Scalloping at Common Wood

Common Wood: part 12

On 23 October  the Dartmoor Preservation Association’s conservation volunteers returned to my land at Common Wood, near Horndon on west Dartmoor, to improve the habitat for butterflies.  We were accompanied by Megan Lowe, the community engagement officer from Butterfly Conservation’s All the Moor Butterflies project. 

Eleven of us gathered at Hillbridge Farm at 10 o’clock and sorted out the tools.  Then we walked along the leat to Common Wood.

1 getting ready

The gathering at Hillbridge Farm

 

The weather was grey and slightly damp, with a mist hanging over the valley.

11 view

The view across the valley, lost in the mist

Derek Collins put out our ‘at work’ sign by the leat.

sign

We worked above the leat, clearing large clumps of gorse, or ‘scalloping’ as Megan called it.  By creating an uneven edge to the gorse we increase the sheltered area where the butterflies can feed.  Our aim is to encourage Small Pearl Bordered and Pearl Bordered butterflies to breed here.

Claude Williams cleared some paths with the strimmer so that we could drag our cut material down the hill more easily.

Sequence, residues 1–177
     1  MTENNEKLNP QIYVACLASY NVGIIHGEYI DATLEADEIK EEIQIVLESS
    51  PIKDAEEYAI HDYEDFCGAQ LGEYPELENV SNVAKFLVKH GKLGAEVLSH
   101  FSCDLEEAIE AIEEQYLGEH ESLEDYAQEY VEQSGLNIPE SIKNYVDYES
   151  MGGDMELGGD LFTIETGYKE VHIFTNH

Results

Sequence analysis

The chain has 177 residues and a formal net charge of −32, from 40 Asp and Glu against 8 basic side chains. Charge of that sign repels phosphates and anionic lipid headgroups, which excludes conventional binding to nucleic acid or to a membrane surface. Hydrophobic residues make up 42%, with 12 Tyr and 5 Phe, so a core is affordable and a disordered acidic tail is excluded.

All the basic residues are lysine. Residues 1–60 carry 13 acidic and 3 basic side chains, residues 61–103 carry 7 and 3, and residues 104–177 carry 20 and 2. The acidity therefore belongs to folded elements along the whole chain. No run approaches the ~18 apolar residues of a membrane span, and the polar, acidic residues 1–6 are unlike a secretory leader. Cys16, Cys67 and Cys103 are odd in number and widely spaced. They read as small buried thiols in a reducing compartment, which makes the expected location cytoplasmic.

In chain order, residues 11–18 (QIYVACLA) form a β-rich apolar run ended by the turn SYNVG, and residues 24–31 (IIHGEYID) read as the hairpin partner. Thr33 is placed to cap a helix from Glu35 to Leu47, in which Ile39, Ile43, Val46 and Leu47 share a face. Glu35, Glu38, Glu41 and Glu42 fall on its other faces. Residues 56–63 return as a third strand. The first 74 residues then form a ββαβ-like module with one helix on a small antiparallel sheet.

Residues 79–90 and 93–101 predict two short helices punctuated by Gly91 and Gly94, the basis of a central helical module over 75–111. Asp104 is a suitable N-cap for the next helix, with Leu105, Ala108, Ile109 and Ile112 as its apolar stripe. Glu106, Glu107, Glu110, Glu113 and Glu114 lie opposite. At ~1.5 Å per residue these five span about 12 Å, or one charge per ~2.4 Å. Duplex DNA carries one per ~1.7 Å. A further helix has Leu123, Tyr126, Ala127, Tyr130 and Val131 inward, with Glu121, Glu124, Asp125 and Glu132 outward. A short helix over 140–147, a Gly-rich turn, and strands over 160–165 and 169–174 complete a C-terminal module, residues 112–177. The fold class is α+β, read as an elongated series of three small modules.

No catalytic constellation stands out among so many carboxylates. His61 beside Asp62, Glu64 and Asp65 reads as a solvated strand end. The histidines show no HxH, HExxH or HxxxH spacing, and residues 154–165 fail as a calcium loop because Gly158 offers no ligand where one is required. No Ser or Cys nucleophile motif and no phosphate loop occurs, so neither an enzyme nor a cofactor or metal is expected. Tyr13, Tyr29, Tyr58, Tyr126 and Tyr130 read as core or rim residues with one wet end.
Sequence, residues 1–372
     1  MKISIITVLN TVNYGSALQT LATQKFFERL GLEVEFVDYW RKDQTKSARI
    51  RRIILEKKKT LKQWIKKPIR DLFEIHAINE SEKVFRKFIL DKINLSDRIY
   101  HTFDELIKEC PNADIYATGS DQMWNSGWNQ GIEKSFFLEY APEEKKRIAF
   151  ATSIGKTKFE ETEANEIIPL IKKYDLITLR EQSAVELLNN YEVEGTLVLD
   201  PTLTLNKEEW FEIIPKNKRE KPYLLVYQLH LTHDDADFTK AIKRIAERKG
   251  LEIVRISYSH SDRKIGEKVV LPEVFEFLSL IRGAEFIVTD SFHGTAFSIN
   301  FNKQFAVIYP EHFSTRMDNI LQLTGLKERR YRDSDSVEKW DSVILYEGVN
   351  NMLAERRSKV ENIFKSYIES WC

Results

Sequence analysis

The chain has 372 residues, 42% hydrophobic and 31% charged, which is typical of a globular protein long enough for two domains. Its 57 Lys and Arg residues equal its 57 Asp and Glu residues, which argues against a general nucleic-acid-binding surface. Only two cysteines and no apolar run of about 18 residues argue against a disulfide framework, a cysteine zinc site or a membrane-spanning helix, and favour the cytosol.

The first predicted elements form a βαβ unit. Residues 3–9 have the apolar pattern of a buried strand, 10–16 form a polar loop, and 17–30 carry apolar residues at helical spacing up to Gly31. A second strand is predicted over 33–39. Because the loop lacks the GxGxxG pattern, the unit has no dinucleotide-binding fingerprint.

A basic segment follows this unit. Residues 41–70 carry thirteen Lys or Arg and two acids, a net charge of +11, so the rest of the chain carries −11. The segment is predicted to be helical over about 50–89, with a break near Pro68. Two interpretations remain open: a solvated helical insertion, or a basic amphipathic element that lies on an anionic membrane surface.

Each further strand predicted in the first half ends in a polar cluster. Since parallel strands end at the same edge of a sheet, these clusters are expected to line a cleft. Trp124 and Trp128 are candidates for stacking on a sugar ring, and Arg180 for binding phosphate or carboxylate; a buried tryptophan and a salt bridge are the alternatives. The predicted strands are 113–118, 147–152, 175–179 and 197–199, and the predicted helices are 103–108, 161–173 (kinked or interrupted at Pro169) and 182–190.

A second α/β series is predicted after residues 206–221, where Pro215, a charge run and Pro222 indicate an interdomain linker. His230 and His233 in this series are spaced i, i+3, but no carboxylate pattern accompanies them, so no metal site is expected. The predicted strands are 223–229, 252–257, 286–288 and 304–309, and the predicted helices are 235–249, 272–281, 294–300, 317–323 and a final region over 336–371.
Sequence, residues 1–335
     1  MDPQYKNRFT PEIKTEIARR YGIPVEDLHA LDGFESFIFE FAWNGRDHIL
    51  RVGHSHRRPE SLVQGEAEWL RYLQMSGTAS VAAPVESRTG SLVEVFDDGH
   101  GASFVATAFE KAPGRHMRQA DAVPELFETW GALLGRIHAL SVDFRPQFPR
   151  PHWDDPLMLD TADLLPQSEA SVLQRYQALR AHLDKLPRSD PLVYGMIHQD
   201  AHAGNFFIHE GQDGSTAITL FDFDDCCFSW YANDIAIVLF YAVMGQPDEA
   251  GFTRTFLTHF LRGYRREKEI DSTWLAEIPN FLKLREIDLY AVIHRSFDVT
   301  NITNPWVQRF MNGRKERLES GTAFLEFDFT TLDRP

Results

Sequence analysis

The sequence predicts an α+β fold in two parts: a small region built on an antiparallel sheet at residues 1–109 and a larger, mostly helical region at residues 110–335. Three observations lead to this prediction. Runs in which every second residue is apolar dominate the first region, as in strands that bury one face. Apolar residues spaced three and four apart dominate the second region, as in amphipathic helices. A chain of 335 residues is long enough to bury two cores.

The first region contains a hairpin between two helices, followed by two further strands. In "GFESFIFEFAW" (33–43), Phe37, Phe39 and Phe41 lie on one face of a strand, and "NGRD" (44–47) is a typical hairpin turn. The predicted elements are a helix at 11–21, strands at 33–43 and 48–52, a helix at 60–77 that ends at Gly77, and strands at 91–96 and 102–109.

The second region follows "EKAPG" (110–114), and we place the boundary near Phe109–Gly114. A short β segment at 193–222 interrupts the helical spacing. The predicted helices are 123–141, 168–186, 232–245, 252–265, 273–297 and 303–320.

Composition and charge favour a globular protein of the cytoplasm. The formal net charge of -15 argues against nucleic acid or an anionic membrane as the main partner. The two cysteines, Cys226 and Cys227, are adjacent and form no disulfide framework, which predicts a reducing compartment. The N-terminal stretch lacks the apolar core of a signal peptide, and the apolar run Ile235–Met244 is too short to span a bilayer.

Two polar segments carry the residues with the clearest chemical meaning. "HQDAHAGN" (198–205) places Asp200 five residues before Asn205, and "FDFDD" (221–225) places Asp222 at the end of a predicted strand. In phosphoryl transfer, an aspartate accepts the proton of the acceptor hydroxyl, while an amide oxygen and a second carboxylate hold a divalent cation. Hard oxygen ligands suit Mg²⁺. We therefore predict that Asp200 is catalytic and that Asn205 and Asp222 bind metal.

2 Claude and strimmer

Claude and the strimmer

We tackled the gorse with bow saws and the brambles with loppers.

4 cutting gorse

Cutting the gorse

3 clearing bramble

Cutting brambles

 

 

 

 

 

 

 

We enjoyed coffee and lunchbreaks on the side of the hill.

5 lunch

Lunchbreak

We kept going for about four hours, cutting and dragging.

 

8 Hil in the gorse

Hil Marshall tackles a gorse bush

9 Hil after

The gorse has gone

 

 

 

 

 

 

The stumps are difficult to remove, but John and Elaine Viant do a brilliant double act.

7 double act, Viants

Double act

We left this stump because it could provide a useful perch for birds.

6 perch

Bird perch

Hil Marshall found a caterpillar which Megan later identified as an early instar (pre-hibernation) Drinker moth.

Instar Drinker moth

Drinker moth caterpillar

We also noticed an interesting deep-blue fungus on some of the dead branches.  It may be Terana caerulea (Cobalt Crust) which, according to this website, is uncommon.

Terana caerulea perhaps

Possible Terana caerulea

We dragged our cuttings down the hill to pile onto the windrow. We had made this on previous occasions and the material had rotted down.  Derek tidied it up to make a neat job.

10 windrow

Sylvia Hamilton takes cuttings to the windrow

We made significant inroads into the hillside that day, and it was rewarding to see the difference we had made.  We plan to return in February.

IMG_9856

At the end of the day

About campaignerkate

I am the general secretary of the Open Spaces Society and I campaign for public access, paths and open spaces in town and country.
This entry was posted in butterflies, common land, Common Wood, commons, Dartmoor and tagged , , , , , , . Bookmark the permalink.

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